However, since the laser level rotates, it only stays at a particular point for a rather short period of time.
Still, the laser can be restricted to any given angle.
Where can a rotary laser level be used?
Given its wide range, a rotary laser level has been designed for outdoor usage. Whether you’re looking to excavate an area or build sharply accurate concrete forms, this laser level is your only choice.
This, however, doesn’t mean that a rotary laser level can’t be used indoors.
A few good uses include:
- Digging an area down or building it up
- Masonry alignment
- Site layouts
- Checking land elevations
- Aligning and leveling fences, posts, decks, etc.
- Self Leveling Rotary Laser Level by TOPCON
- Rotary Laser Level by Leica Rugby
- Rotary Laser Level by Spectra
The 2 Different Types of Laser Beams in Laser Levels
Red Beam Vs. Green Beam
There are only two colored beams of light used in all the different laser levels. As far as the accuracy of the two is concerned, there is no difference between the two beams of lasers employed.
The difference is seen in factors such as the visibility to the human eye, the range of distance covered, etc.
In that comparison, the green beam seems to produce a sharper point as it has more visibility to the human eye. Therefore, laser levels with a green beam also tend to be more expensive than the ones with a regular red beam. Here’s a more in-depth page comparing a red laser level beam to a green laser level beam.
Types of laser levels based on their leveling system
Manual Leveling Vs. Auto-Leveling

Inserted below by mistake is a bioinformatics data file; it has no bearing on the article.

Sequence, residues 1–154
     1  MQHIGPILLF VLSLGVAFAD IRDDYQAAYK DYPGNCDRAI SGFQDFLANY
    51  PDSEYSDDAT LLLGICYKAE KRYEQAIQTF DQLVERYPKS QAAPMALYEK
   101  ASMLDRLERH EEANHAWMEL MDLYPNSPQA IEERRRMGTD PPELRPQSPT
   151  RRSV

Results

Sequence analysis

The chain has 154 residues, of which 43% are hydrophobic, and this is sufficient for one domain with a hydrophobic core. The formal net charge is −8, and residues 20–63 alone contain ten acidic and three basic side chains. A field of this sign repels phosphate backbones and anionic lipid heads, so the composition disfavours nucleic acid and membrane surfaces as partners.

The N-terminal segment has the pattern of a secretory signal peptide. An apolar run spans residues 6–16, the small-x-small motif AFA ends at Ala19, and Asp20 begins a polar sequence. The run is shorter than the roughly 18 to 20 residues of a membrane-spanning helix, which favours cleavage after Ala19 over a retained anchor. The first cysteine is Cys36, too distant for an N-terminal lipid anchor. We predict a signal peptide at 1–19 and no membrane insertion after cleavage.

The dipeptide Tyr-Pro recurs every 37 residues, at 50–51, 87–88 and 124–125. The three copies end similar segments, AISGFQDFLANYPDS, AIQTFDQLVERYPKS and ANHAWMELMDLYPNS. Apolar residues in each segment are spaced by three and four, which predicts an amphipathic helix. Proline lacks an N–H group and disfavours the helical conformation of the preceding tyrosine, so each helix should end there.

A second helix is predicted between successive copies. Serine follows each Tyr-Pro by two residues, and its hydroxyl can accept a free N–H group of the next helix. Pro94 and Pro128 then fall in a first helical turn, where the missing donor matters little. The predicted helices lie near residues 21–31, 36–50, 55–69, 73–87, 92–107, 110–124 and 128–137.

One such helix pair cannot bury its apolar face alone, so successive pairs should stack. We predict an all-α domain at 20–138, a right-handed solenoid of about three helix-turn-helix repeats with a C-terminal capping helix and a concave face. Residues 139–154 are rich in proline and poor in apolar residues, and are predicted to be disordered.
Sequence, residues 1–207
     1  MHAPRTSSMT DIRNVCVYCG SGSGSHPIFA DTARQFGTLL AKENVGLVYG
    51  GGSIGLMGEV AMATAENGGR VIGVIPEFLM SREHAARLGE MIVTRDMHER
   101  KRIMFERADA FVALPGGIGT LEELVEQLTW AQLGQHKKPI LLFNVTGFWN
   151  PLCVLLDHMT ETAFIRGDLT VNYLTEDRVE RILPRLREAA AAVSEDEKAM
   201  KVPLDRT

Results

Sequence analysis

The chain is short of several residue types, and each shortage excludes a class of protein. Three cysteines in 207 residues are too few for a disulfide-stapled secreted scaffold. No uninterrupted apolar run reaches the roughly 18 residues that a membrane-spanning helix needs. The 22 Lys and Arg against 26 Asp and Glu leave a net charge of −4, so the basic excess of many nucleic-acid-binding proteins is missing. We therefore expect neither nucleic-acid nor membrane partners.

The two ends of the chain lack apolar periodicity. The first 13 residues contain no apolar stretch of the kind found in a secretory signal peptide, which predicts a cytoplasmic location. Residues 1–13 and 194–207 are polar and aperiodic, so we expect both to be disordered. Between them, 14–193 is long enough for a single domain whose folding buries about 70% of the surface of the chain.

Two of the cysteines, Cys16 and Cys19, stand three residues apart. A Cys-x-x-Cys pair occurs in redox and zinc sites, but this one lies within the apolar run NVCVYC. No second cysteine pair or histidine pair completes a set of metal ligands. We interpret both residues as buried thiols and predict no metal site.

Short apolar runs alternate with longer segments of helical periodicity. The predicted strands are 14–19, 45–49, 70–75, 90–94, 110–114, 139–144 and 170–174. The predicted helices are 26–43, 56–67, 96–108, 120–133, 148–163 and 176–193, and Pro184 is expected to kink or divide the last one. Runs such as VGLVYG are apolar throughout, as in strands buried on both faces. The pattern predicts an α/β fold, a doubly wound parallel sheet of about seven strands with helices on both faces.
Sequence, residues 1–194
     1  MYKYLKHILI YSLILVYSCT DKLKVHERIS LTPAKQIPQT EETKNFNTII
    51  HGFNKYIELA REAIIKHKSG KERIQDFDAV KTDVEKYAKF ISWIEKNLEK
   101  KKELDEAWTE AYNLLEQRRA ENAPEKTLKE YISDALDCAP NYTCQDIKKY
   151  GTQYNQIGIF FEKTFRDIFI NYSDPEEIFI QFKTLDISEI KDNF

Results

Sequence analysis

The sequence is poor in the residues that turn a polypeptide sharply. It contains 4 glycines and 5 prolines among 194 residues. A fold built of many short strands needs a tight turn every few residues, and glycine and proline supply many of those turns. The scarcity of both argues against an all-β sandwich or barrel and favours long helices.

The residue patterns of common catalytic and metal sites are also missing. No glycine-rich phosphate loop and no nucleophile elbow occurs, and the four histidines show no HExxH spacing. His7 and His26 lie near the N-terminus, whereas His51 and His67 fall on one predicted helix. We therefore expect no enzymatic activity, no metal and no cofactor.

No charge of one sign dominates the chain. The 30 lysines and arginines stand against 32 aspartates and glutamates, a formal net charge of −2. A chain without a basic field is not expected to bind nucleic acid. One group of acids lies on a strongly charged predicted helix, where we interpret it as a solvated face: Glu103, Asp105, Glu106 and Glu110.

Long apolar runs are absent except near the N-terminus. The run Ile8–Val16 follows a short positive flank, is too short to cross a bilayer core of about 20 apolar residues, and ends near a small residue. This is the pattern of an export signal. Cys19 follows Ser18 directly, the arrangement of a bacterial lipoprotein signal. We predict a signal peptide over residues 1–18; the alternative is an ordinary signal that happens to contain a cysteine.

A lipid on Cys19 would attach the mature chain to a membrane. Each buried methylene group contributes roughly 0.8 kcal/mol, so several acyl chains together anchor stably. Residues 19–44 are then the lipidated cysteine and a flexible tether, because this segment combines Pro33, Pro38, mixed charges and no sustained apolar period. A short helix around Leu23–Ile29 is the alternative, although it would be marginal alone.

As the names very well themselves suggest, the only difference between a manually leveling and an automatically leveling laser level would be the prior tool’s requirement to be operated manually.
In a manual leveling laser level, one has to set the laser beam accurately on the point that is intended to be focused at. On the other hand, an auto-leveling laser level will automatically point at a given position considering the range that it is provided with.
What hazards are associated with the use of these laser levels? (If Any)
Laser beams are generally known to be dangerous to humans in the sense that they emit radiation in the form of light.
This implies that under extreme or prolonged and careless exposure to the beam of a laser level, a person may develop conditions ranging from as mild as a skin rash to as harsh and irreversible as a permanent eye injury.
For these reasons, it is always important to make sure that you wear safety lenses when making use of lasers, and not try to repair any such device without professional help.
How to choose the right laser level for your task?
With the range available in the market today, it’s a tough call to choose a laser level that would accurately fit the description of your needs. But for starters, you need to be sure of what your own requirements are before you set out to buy one for yourself.
Generally, a person should be aware of the maximum uses that they could make out of one laser level. With that requirement in mind, it is best to check the range of any given laser level by looking up its diameter and radius.
This helps determine how far its beam will go, helping you figure out if it’s suitable for your specific work type or not.
Bottom Line: Should You Get Yourself a Laser Level?
Of course! This is a no-brainer. Every DIYer and construction pro should have a laser level! If you’re still not convinced, check out the are laser levels a good investment page.
With the accuracy and sharpness that a laser level is ready to offer you, it’s a rather safe investment to make.
In fact, with the range of works that you can do with the help of just one type of laser level, it’s also fair to say that you will be needing your purchased laser level for more than just the intended task, making it even more worthwhile!
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Adrian Bull – Construction Professional
Construction Professional, driver, crane operator, handyman … As a construction pro I love to get creative and see things done with my hands coming to life. Here I share with you some of the things I learn and hopefully you’ll get something out of it. Enjoy 🙂